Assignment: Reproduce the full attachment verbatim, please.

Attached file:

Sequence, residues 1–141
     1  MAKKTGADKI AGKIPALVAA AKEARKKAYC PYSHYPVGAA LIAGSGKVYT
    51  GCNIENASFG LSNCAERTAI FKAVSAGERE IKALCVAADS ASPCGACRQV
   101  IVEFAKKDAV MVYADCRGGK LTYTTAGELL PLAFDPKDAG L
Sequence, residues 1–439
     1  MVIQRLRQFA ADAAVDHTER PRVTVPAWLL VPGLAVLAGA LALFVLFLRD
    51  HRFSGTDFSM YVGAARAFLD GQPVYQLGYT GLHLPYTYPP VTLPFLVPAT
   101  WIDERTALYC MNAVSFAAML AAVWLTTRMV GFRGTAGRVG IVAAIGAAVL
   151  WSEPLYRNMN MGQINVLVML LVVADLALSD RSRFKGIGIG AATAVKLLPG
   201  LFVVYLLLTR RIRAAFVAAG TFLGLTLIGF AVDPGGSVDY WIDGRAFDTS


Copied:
Sequence, residues 1–141
     1  MAKKTGADKI AGKIPALVAA AKEARKKAYC PYSHYPVGAA LIAGSGKVYT
    51  GCNIENASFG LSNCAERTAI FKAVSAGERE IKALCVAADS ASPCGACRQV
   101  IVEFAKKDAV MVYADCRGGK LTYTTAGELL PLAFDPKDAG L
Sequence, residues 1–439
     1  MVIQRLRQFA ADAAVDHTER PRVTVPAWLL VPGLAVLAGA LALFVLFLRD
    51  HRFSGTDFSM YVGAARAFLD GQPVYQLGYT GLHLPYTYPP VTLPFLVPAT
   101  WIDERTALYC MNAVSFAAML AAVWLTTRMV GFRGTAGRVG IVAAIGAAVL
   151  WSEPLYRNMN MGQINVLVML LVVADLALSD RSRFKGIGIG AATAVKLLPG
   201  LFVVYLLLTR RIRAAFVAAG TFLGLTLIGF AVDPGGSVDY WIDGRAFDTS